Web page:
Lots of questions when reinstalling

I’ve been pestering my machinist, the one that built the engine for me and he swears he doesn’t have them. He called around and found someone that has (supposedly) the correct thread and length. They’re supposed to get here by Tuesday. He didn’t ask about the hardness, just figured that it’s a step in the proper direction.

This is my favorite US source for British screws.


They have good thread charts worth downloading. I printed a set for the shop.

Moss also has them but higher priced, probably listed under MGTC.

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Just beware of using any fixings listed for MGs (incl. Morris and Wolseley) up to the end of the T series in 1955, as all engine threads were/are metric but with Whitworth hexagons. You can read the history of this but it is part of the fallout from WW I which involved the transfer of tooling from France to the UK to avoid seizure or destruction. Threads elsewhere are the usual standard of BSF/Whitworth/BA.

Peter L

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Motalia stock a large range of stainless steel BSF nuts, bolts and studs:


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In Moss search for screws; they are under MGTC/D/F and Austin Healey, Garage and Tools, Hardware.
3/8 BSF x 3/4" is 320-560
3/8 BSF x 1" is 320-580

Rob, would those be normal 5 hardness or possibly the 8?

The grade of bolt / fastener is the tensile strength of the bolt / fastener, use the correct bolt for the application.

  • Grade 5 – Unlike grade 2 bolts, grade 5 bolts feature 5 radial lines. These bolts are manufactured from medium carbon steel. These bolts come in two different size ranges – 1/4″ to 1″ and 1″ to 1 1/2″, which have the proof load of 85000 psi and 74000 psi respectively.
  • Grade 8 – Grade 8 bolts are made from medium carbon alloy steel. The bolts of this grade feature 6 radial lines. The nominal size of the grade 8 bolts can be from 1/4″ to 1 1/2″. The minimum yield strength of this grade bolt is 130,000 psi. A maximum of 120,000 psi of tensile force (proof load) can be applied to grade 8 bolts.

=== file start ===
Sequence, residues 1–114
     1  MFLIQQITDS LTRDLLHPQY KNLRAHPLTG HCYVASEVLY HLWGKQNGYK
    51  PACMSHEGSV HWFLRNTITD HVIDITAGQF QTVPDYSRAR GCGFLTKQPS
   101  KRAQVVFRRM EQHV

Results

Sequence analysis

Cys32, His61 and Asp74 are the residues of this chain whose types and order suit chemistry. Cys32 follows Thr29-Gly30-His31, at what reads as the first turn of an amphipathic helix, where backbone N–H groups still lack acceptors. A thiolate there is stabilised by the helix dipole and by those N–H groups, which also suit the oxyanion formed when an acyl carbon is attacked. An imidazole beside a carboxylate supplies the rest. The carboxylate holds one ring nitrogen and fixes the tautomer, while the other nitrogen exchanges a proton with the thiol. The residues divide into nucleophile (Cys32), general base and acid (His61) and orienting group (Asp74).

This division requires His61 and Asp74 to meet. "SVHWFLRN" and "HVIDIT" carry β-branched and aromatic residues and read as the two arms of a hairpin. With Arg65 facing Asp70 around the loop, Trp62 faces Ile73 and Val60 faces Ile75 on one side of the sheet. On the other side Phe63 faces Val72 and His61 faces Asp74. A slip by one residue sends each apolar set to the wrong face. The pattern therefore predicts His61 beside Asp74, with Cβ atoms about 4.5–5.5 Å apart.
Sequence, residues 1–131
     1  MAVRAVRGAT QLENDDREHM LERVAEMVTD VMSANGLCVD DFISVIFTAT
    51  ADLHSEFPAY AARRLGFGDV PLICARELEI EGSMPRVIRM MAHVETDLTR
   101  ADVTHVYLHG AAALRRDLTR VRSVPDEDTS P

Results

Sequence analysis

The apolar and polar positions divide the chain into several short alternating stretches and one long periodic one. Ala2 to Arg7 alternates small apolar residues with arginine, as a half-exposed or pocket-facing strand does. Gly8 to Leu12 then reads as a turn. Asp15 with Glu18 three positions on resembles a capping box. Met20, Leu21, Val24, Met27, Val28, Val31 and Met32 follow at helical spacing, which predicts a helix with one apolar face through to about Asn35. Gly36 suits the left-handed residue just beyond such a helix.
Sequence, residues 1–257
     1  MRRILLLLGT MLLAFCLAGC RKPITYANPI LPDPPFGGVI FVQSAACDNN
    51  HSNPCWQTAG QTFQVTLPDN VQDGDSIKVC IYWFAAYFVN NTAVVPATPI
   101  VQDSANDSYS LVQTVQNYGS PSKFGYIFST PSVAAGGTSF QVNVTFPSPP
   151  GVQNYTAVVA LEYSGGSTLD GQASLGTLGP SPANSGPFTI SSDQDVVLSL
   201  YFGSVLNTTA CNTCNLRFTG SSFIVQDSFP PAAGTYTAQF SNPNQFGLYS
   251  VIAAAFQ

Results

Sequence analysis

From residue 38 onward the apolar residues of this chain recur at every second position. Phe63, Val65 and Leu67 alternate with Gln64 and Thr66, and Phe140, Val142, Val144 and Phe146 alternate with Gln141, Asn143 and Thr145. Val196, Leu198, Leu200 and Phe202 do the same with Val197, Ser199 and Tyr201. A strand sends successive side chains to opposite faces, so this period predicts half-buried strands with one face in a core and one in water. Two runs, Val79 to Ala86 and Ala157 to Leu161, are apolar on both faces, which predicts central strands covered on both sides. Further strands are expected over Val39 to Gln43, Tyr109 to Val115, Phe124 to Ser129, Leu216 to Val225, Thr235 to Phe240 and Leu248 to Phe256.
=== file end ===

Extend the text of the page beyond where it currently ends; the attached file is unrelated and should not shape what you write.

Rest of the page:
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A more careful look; the end is machined spherical, rather than just whacked off in the screw forming machine, as you normally find with cheap bolts.
Length including spherical end is 15/16" as Roger said, 7/8" of threads.
Hex head standard 3/8BSF size and is stamped 80 or 08. No other markings. This may be some British strength standard of the 1940s.

I now believe the C.514 number means these were carefully weighed and balanced, as you would expect in rotating machinery, rather than using off the shelf screws with an FS.xxx number.

I’m having severe muscular skeletal pain in the chest and shoulders due to lifting the SS gas tank out of the trunk with a couple of gallons of gas in it 2 weeks ago. The prescription medicine has made me irritable, so some of my recent responses may have been less than charitable, for which I apologize.

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Rob, not to worry. Nothing sounded cranky. I just appreciate you and the others chiming in on my queries. I’ve been playing with 1930 Cadillacs for so long, I had forgotten my time with a MK 2 of 30 years ago. Seems like I’m starting from scratch with British machinery. I thank you all for your help.
I hope your pain lightens up soon!